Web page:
This is the point in my life where I believe I crossed over the line of addiction. I returned to school and everything was different. In college, playing football is like a full time job. It used to consume so many hours of my day and gave me a sense of pride and accomplishment, and it was all gone. I didn't fit in with my friends from the team anymore as some thought I quit for a non-legitimate reason or because I drank too much. While this may have been partially true, I would have given anything to play again. I considered going against my ortho's advice on a daily basis. Up until this point, I had not ever actually abused my medication to a great extent, but I started that January when I was back at school. I noticed that if I took more, I didn't feel so terrible about myself. Drinking wasn't really working for me anymore, as I'd have to take so much in that it was causing me to have gastro-intestinal problems. I couldn't even drink a quarter of what I used to before getting sick and it wasn't enough to get me drunk, so I turned to the pills. Also, not under fear of drug testing anymore, I began smoking pot. It was a major release from care and worry. I went from a drunk who looked down on drugs to a daily pot smoking, pill popping drug addict who rarely drank.
I was notified at the end of the year that due to my inability to play football, my scholarship was being revoked. I was going to have to pay right at $30,000 a year in order to stay at that university. I decided to take out a loan and attend. By this time, my addiction was really taking hold of my life. I had surrounded myself with like-minded people; drug addicts, dealers, and run-of-the-mill lowlifes. My drug habit was getting expensive as I was no longer prescribed, so I began to sell drugs. At first it started off with just selling pot, but soon I had made the right connections and was selling cocaine in moderate amounts. The selling soon took the place of football in my drug twisted mind. I took pride in it. I took pride in knowing that if you needed something, I had it, and it was better than the other guy's. I felt like "the man" again.
It's no surprise to me now that around this time my grades began to slip. I started making C's and D's and dropping classes all together. I spent more and more time using, (was now up to about 15 10/325's a day and smoked high grade marijuana practically all day) more time selling, and less time caring about anything but drugs. Second semester of my sophomore year, I almost dropped out altogether, only finishing one class in which I made a C. I stepped back and judged my life in what I thought, at the time, was a rational manner. Another year of bad grades and dropped classes was not worth the $30,000 I was going to have to pay to do it, so I made the decision then to come back home to Houston.
When I got home, I immediately sought out people who were like me. Most of my friends that had potential were off realizing it in colleges and universities around the country. The people I knew that stayed home were more like me, drug users, abusers, addicts, alcoholics, and everything in between. Houston was where I had got my cocaine supply for selling up at school anyway, so I immediately began to deal to my friends around town. I won't get into specifics here, but the business took off. I was moving more then I had ever thought I would, and in turn, was making more money than I ever had before. I moved in with a guy I went to high school with and he introduced me to Oxycodone. It was the answer to my problems at the time. I didn't have to take so many pills to get high, less damaging to the liver from all the tylenol most hydrocodone compounds contain, and made me feel good again.
I quickly gained a tolerance that couldn't be satisfied by having my roommate "middle-man" for me, so I got him to take me to the source. It was a gang-affiliated man who lived on the North side of downtown. After visiting him quite a few times that next month and arrogantly spouting off about how much I was selling, he invited me into his neck of the enterprise, Heroin. I had my fears about this drug. I had told myself so many times, I would never be a needle junky, and I meant it, but regardless of the fear I felt, there was big money in it and I decided I wanted in on it. I sold for the man for about 6 months, making big money but all the while my addiction was growing stronger and stronger. I was ingesting about 300 or 400mg of Oxy every day, along with the weed and occasional cocaine use.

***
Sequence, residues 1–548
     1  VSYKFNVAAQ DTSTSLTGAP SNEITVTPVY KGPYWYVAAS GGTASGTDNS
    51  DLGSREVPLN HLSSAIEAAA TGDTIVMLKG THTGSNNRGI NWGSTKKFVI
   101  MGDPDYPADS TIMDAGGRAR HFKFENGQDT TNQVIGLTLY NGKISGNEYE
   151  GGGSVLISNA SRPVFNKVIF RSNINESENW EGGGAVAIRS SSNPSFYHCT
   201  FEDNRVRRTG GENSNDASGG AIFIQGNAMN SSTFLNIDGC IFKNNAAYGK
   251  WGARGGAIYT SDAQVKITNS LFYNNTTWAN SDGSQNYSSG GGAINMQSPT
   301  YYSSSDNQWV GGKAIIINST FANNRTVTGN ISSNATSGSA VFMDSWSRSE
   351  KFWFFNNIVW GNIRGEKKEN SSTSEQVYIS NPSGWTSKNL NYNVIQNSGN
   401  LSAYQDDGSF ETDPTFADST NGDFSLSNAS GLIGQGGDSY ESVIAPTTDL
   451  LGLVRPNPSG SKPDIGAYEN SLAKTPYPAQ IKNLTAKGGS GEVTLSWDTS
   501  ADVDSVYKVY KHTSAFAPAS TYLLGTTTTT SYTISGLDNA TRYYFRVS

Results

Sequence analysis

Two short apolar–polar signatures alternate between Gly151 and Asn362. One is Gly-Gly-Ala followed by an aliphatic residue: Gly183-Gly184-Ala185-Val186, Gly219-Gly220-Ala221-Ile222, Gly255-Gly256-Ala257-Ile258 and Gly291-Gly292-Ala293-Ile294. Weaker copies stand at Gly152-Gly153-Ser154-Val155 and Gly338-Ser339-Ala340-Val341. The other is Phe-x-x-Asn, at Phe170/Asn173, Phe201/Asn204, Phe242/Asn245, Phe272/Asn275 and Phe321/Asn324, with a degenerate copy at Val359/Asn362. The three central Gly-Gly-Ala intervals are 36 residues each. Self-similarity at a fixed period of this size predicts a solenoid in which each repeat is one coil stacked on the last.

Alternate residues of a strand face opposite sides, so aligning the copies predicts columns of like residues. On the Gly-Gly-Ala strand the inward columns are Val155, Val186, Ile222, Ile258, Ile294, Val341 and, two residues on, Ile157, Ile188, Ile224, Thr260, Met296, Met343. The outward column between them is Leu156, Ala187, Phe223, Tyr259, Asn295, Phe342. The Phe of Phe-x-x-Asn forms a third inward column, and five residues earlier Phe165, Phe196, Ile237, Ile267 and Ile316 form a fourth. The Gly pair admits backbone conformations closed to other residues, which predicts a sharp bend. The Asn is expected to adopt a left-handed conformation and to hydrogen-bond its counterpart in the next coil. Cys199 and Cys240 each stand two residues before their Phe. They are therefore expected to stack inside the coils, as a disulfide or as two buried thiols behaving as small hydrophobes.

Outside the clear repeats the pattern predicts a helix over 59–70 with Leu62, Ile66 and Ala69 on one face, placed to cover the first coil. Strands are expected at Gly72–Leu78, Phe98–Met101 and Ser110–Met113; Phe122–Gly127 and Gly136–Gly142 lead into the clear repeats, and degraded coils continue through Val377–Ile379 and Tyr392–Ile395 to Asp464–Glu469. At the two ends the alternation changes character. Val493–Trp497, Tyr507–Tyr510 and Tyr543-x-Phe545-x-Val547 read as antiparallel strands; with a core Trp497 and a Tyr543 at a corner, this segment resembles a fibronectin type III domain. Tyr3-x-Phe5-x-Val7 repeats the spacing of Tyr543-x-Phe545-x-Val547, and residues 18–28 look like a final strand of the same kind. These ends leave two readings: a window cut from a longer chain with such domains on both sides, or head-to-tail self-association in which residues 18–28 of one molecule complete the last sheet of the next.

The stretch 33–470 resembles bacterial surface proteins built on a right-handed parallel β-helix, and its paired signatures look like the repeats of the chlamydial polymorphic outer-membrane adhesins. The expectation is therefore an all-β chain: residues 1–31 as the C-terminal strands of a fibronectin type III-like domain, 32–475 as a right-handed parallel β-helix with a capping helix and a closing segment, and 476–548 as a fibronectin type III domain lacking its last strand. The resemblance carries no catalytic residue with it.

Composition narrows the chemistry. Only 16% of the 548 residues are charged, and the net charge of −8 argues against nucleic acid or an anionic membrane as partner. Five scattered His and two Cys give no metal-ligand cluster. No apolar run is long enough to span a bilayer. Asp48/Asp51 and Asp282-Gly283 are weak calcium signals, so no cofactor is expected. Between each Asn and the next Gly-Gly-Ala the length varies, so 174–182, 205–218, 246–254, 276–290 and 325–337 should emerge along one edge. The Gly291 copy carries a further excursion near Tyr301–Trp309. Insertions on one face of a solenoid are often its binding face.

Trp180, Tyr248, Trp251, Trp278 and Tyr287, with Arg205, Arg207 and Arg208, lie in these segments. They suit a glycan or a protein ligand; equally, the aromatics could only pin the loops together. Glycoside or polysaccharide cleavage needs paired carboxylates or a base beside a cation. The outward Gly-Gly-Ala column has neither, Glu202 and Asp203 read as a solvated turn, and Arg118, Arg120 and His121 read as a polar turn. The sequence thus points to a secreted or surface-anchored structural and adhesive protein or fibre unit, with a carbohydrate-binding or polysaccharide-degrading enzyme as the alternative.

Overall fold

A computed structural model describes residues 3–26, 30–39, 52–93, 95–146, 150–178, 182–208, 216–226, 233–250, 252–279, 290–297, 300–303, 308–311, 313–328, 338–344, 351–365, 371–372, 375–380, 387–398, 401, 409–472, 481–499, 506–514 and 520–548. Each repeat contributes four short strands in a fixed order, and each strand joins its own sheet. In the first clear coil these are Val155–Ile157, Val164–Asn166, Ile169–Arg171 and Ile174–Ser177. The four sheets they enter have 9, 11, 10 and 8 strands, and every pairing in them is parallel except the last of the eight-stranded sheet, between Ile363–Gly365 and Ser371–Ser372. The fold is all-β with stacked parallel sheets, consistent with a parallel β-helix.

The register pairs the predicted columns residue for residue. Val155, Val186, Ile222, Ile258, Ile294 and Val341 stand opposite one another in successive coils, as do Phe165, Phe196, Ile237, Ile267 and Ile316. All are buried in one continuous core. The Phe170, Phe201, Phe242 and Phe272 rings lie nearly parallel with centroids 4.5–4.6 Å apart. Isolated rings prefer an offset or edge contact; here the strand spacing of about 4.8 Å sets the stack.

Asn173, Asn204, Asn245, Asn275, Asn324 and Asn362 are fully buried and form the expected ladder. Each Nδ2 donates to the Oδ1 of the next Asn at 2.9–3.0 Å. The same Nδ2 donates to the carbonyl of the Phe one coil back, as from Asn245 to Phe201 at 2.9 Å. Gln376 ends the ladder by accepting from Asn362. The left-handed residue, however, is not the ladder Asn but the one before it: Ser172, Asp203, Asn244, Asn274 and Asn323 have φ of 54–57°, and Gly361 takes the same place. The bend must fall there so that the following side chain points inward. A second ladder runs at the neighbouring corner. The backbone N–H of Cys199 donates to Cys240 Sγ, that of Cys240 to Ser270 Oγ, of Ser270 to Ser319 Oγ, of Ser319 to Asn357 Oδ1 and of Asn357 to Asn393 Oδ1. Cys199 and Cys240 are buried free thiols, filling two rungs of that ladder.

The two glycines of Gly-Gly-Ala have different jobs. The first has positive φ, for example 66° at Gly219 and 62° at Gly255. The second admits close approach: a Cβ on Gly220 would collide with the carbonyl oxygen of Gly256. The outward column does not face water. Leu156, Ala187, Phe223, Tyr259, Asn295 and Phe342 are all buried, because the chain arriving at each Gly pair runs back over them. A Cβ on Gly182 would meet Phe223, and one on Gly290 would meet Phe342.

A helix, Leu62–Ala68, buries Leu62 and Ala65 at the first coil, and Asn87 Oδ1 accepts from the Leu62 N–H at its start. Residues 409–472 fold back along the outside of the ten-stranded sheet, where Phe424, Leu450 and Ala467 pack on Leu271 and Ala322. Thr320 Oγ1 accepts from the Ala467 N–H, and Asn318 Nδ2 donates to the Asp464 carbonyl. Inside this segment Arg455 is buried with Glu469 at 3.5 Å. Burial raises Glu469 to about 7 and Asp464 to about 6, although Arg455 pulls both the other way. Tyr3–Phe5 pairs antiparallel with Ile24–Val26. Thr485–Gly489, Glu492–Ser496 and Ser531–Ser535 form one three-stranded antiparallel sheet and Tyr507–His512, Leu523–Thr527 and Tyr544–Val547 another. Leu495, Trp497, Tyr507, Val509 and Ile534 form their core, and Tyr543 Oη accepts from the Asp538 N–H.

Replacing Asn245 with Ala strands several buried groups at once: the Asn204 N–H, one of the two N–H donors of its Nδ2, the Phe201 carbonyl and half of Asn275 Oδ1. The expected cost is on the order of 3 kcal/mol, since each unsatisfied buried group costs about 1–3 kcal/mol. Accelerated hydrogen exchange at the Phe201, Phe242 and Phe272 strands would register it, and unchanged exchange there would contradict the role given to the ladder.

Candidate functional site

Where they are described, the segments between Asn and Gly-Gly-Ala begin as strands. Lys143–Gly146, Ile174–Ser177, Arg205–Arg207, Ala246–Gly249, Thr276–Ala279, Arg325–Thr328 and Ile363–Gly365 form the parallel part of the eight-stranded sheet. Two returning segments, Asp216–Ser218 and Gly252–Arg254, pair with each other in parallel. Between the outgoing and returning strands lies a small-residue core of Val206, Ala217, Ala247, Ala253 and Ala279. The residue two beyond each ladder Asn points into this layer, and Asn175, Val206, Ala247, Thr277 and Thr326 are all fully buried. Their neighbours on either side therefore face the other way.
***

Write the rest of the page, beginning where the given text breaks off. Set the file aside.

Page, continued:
Finally, the day came when I tried heroin. We had been selling a diluted form of black tar on the streets but we had recently received a very pure shipment of "china white", a powdered form of the drug. The first time I shot, I found what I had been looking for the whole time I was using; complete, unadulterated escape. I began shooting 4 or 5 times a day for almost a month, and even though a month is not a really long time, I destroyed so much in my life over that time that it's hard to imagine. I crashed two vehicles, had some scrapes with the law (never actually arrested), but the worst was that I completely destroyed the relationships I had with my family and friends. I was emotionally and spiritually dead inside.
I decided I needed to get clean and asked my parents if I could move in with them in order to do so. They allowed me to do so in late December of 2008. I quit shooting heroin but was ingesting over 500mg of oxy every day just to stay normal. I had some short periods of agonizingly painful sobriety, usually not more than 3-5 days at a time. After causing even more damage to my family, I finally decided to enter a treatment facility in May 2009, on the 4th to be exact. When I got there, I was ready to do whatever they told me in order to get clean. I hated myself and everyone in my life and just wanted a fresh start. In the treatment facility, they introduced me to AA .
At the suggestion of my counselor I found a sponsor, or someone to take me through the 12 steps. We began working almost as soon as I got out of the residential program and, almost immediately, things changed. After admitting that I was a full blown addict and powerless over drugs, I was then able to take a proactive stance to get well. I finished the steps after I was about 11 months sober and began sponsoring others. During this time, my life had already started to improve drastically. I had re-enrolled in school here in Houston, was working part time for my dad, and I began to see the good in life again. I had gained a lot of friends in the program, and one by one, through working the steps, the character defects that controlled my life before slowly slipped away. As one quote from the AA book says, "What seemed at first a flimsy reed has proved to be the loving and powerful hand of God."
Around a year sober I started working with others, taking others through the steps and teaching them about what we do to stay sober. I bought a new car, moved to a new place, and basically had a life better than I could have imagined. That is still true to this day. I'm working a job that I love, have wonderful people in my life, and I'm very close to God today. Working the 12 steps of AA really did not only save my life, but changed it into something I never thought I'd have.
To the newcomer: There is a solution. I found it in AA. Life can be more wonderful than it's ever been before, all it takes is a few simple steps. Love you guys!